DIRECTOR: Richard Linklater
The film’s opening scene can be misleading. Linklater’s camera shows us a middle aged couple on a train speaking at volume in their native tongue. There are no subtitles. All we hear is the emotion of their voices heightening and frustrated towards each other. We spot people distracted by the couple in Jesse (Hawke) and Celine (Delpy), sleeping passengers and older couples. Why did we have to witness a couple arguing in a foreign tongue, why not cut straight to two random strangers meeting on a train?
Jesse and Celine strike conversation on the train and instantly connect. Jesse is on his way to Vienna, all he wants a trip back home to the States. Celine is a student on her way back to Paris.
If there’s any kind of magic in this world it must be in the attempt of understanding someone sharing, something. I know, it’s almost impossible to succeed …. but who cares really? The answer must be in the attempt.
The connection is real, and natural conversations flow between the characters. This is a film with no plot but a premise. Place two characters in an environment, have them share common interests towards each other and sit back and watch. Guess what, it works. They decide to get out at Vienna and extend their infectious compatibility for twenty four hours until the next train. There’s no corny romantic line, or stock standard genre card that plays out. All we observe and hear is dialogue and conversation between two people offering their thoughts, perspectives and views of the world. Conversations about authentic relationships, ex partners, parents deceitfulness, palm readers and more flow in this ninety minute film. Is it drama, comedy or romance? It can fit into all three of those categories but not because Linklater couldn’t make his mind up about direction. He, the scriptwriters, and actors understand that relationships fit in all three of those genres.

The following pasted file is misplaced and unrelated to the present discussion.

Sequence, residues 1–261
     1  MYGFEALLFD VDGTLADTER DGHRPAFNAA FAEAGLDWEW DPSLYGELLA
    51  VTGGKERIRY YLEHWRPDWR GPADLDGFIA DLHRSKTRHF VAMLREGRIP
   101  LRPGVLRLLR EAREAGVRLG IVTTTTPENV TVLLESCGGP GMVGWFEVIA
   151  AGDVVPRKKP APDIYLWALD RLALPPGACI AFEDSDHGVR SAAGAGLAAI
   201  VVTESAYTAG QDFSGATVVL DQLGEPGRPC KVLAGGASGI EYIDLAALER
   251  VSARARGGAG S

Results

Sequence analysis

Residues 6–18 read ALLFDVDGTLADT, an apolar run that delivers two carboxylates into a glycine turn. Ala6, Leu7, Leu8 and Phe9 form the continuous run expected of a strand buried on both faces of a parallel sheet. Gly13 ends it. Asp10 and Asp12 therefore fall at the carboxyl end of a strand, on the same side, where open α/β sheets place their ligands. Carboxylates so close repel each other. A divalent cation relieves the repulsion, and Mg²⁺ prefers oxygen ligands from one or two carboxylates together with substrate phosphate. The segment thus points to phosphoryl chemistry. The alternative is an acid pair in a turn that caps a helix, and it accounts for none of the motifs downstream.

We witnessed the couple on board fighting, do they represent a relationship for the sake of a relationship or a strained one? Two people can share a connection in Jesse and Celine and can be with each other, have an intimate bond without a sexual touch. They understand quality time and allow themselves to be vulnerable unlike other on-screen film couples.
This film allows itself to exist and lets the viewer take away from it what they want. One viewer may like the romantic view of Celine, another may like the rational Jesse. Then again one may agree with the realistic Celine about the next meeting time. Jesse’s thoughts on life may echo many twenty something’s journals.
Many have called this film the quintessential generation x film on love and romance because it came out in 1995 and spoke to that generation. It’s re watchable even now, relatable now and it’s good because it challenges subjective views of love on cinema instead giving two characters a realism that Hawke and Delpy can only deliver.
Ethan Hawke as Jesse
Julie Delpy as Celine